I read Catherine Called Birdy, a Newbery Honor Book, about ten years ago, and while it was interesting it wasn’t quite captivating enough for me to wa...moreI read Catherine Called Birdy, a Newbery Honor Book, about ten years ago, and while it was interesting it wasn’t quite captivating enough for me to want to read anything else by Karen Cushman. Still, when The Midwife’s Apprentice showed up on Paperback Swap, I figured I’d give it a try.
A Newbery Medal book, The Midwife’s Apprentice tells the story of a girl with no home, no parents, and no name. One frosty night, she find warmth sleeping in a dung heap. The next morning, Jane Sharp, the village midwife, discovers the girl, who becomes the midwife’s apprentice. The girl works long, and hard, beyond the point of survival to a place where she thinks and learns and ponders and chooses a name for herself. Her only friend is Purr, a cat she rescues from being drowned by the same boys who torment the girl apprentice. Eventually, she is challenged to deliver a baby in the midwife’s absence, and her future begins to both unroll and unravel.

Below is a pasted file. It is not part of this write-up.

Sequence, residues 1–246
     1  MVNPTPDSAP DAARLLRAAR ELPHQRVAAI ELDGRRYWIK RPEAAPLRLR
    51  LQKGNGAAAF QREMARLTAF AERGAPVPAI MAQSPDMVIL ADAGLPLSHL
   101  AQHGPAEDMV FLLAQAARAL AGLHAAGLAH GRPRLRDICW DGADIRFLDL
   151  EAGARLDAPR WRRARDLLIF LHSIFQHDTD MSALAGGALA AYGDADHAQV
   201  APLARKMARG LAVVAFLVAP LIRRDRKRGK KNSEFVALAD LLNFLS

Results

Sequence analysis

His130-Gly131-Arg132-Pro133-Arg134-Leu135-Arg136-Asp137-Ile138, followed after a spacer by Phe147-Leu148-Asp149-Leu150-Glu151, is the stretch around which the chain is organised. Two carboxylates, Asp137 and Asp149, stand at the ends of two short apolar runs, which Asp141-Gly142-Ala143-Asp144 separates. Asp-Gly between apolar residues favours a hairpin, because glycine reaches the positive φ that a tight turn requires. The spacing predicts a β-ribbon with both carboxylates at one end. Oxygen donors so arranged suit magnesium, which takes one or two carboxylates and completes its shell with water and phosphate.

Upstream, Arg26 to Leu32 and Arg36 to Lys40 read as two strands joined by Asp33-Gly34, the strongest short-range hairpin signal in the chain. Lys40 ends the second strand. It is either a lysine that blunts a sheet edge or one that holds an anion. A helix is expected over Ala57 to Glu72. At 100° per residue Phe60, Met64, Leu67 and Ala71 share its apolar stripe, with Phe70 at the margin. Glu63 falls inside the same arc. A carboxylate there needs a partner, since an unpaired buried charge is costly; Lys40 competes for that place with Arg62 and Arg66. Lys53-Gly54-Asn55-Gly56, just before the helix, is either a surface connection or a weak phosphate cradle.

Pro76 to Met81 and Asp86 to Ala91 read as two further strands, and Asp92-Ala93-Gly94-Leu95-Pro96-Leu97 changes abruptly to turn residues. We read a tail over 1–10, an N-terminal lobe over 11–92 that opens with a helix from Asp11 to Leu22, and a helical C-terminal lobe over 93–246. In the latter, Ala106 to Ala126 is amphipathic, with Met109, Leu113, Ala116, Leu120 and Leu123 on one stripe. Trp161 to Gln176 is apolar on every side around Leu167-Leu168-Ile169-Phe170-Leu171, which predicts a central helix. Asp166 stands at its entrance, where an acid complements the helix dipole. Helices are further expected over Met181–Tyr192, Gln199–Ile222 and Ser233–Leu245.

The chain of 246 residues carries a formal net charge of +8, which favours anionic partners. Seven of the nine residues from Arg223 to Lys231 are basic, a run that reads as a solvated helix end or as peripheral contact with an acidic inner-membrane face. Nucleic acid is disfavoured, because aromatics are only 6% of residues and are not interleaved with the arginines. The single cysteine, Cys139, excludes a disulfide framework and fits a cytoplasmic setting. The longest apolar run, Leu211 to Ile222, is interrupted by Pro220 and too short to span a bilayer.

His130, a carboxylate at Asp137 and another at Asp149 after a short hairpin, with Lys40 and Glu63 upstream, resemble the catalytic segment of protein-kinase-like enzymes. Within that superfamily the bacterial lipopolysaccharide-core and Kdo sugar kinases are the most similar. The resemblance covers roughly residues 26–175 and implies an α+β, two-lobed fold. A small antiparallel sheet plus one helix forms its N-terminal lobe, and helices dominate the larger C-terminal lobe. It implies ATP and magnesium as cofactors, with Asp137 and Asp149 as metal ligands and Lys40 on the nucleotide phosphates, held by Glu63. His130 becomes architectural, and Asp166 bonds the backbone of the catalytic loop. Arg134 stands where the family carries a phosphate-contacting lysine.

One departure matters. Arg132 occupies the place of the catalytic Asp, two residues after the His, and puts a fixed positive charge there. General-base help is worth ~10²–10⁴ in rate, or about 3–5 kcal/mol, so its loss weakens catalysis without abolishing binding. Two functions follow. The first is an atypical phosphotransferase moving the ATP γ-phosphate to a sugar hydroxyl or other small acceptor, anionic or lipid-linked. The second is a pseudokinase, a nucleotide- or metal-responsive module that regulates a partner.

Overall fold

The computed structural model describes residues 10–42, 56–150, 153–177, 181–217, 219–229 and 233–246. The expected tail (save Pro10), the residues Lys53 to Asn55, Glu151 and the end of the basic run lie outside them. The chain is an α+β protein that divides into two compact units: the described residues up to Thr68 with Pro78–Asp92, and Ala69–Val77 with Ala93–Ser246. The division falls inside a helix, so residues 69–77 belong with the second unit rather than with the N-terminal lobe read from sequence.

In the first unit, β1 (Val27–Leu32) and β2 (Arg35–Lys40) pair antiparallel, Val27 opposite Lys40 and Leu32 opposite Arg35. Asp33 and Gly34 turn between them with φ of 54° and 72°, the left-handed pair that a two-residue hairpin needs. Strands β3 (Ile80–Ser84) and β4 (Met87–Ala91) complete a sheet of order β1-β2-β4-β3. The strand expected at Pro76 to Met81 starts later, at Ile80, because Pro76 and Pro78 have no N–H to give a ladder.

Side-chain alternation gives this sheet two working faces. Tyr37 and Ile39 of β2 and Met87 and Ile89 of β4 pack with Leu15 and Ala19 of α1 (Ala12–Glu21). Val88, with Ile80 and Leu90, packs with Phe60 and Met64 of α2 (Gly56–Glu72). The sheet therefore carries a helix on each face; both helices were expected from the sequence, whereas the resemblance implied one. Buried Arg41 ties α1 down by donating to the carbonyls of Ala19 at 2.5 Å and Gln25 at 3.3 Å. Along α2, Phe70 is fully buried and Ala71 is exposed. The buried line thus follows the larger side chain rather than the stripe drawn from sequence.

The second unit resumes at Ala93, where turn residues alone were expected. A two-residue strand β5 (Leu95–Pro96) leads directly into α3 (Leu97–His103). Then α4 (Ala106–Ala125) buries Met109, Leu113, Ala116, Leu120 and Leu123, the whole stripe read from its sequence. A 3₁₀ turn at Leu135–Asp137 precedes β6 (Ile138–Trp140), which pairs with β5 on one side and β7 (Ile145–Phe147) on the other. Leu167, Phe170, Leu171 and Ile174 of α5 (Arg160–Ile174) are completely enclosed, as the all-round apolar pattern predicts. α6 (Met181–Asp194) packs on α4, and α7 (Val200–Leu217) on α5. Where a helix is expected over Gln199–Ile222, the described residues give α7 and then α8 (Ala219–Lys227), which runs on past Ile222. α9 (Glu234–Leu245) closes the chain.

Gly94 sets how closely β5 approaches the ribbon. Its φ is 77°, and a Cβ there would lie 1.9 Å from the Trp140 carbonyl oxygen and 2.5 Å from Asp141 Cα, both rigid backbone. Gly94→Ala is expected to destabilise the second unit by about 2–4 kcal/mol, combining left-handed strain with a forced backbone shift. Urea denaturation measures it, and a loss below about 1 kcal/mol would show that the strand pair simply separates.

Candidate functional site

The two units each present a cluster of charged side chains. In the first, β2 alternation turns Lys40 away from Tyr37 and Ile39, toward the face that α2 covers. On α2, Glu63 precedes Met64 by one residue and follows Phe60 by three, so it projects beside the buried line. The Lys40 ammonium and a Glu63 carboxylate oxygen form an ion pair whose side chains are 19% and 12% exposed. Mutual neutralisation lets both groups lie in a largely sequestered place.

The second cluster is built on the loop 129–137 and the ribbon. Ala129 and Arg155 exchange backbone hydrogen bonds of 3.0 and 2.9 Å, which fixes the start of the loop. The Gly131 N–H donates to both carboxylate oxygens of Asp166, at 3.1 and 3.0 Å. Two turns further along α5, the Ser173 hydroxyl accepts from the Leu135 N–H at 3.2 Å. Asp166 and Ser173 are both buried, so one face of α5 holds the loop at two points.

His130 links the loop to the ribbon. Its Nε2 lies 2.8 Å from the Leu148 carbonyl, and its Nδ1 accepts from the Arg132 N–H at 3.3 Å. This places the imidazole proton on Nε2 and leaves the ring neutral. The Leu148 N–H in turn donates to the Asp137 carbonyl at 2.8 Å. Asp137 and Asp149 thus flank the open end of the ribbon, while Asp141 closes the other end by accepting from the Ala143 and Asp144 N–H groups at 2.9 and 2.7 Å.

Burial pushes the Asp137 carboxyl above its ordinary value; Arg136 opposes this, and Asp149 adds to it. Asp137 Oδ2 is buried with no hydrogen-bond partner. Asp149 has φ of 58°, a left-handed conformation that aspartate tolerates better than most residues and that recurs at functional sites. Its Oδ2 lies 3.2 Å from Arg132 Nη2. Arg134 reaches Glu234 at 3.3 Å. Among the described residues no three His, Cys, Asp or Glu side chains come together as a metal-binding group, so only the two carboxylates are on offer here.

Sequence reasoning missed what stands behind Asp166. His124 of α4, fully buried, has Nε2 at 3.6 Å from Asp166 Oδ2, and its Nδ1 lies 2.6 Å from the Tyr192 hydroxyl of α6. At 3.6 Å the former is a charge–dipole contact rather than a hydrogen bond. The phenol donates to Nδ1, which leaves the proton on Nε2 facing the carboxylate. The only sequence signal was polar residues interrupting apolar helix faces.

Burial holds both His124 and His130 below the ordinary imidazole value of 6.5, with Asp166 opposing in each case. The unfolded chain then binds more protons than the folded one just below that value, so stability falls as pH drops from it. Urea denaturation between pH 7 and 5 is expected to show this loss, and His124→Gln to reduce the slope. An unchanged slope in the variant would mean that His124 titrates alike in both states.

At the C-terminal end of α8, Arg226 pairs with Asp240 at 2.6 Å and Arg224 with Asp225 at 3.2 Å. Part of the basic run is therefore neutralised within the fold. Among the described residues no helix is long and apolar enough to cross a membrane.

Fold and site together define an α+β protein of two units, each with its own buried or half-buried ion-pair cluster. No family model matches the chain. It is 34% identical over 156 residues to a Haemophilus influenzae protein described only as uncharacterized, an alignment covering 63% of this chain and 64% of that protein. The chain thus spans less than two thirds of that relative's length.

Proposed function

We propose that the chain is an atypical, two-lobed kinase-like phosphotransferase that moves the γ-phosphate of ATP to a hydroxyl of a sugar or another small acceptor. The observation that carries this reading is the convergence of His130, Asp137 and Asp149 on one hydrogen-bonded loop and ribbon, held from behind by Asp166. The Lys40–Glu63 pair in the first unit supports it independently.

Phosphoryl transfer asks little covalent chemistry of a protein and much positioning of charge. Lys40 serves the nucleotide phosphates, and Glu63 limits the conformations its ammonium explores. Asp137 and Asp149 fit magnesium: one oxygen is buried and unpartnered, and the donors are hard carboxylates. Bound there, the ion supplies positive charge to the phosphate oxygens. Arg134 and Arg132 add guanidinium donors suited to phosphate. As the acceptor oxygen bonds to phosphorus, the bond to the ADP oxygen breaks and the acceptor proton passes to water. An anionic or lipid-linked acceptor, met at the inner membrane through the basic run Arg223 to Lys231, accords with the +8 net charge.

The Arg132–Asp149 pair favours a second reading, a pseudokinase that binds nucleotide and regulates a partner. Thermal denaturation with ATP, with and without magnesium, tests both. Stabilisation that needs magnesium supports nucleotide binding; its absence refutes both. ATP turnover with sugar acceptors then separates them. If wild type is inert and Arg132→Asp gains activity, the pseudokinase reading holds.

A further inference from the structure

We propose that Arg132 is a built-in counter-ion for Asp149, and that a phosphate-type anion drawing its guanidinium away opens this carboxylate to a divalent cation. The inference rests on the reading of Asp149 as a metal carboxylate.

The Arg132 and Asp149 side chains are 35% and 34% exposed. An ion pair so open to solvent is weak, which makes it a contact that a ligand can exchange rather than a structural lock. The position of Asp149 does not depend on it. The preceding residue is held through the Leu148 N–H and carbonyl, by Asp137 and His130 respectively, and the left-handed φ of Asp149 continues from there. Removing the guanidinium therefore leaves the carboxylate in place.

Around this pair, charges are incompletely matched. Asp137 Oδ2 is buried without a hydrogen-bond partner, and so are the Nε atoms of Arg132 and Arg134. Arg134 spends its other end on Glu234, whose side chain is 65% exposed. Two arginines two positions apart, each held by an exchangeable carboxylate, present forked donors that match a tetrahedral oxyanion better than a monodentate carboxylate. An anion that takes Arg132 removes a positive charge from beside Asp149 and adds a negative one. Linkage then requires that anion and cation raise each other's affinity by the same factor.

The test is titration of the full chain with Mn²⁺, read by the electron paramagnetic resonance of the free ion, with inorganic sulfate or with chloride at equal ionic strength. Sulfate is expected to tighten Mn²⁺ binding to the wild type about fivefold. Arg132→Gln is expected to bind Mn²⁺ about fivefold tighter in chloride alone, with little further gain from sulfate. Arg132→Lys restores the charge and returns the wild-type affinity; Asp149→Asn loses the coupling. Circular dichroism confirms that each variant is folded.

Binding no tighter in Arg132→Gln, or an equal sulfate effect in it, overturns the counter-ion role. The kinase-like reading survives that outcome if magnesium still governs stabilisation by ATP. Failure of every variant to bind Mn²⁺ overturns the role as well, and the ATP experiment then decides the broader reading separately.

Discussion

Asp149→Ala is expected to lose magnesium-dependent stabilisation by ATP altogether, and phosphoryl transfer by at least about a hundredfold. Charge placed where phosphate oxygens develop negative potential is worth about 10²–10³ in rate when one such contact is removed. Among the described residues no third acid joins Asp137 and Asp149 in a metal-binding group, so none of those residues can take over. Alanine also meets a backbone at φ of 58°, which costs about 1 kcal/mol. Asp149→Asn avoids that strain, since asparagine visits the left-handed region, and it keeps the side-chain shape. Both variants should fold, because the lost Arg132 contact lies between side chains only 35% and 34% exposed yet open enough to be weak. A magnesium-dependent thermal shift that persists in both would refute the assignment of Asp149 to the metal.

Karen Cushman has graduate degrees in Human Behavior and Msum Studies. She has a long-standing interest in history. She says, "I grew tired of hearing about kings, princes, generals, and presidents. I wanted to know what life was like for ordinary young people in other times."
This book showed off Cushman’s strengths to their full advantage. Her writing is sure-handed, with lots of showing and not too much telling. She fully brings the reader into a medieval village without overusing words and explanations. The story of The Midwife's Apprentice incorporates realism without fatalism, spirit without warrior-heroics, and a truly empowered character whom readers will love. (less)
I ordered "Lizzie Bright and the Buckminster Boy" from PaperbackSwap.com, as an afterthought. I had never heard of it, but it had the Newbery, so I th...moreI ordered "Lizzie Bright and the Buckminster Boy" from PaperbackSwap.com, as an afterthought. I had never heard of it, but it had the Newbery, so I thought I'd try it out.
Oh, my. I can't recommend this book enough. The writing itself leaves me speechless. The characterizations, the excellent balance of action and introspection, the dialogue are all completely flawless.
Then there's the story - a tale of a small Maine town at the turn of the 20th century, and the 13-yr-old minister's son who has just relocated there. Although he wants to move back home to Boston, he meets a girl just his age named Lizzie. Their friendship defies everyone's expectations, and changes his entire life.
The backstory of the race relations is true; the rest is fiction, but it seems like the quiet, deft tale handed down age to age, hand to hand. It's truly a brilliant, lovely piece of literature.(less)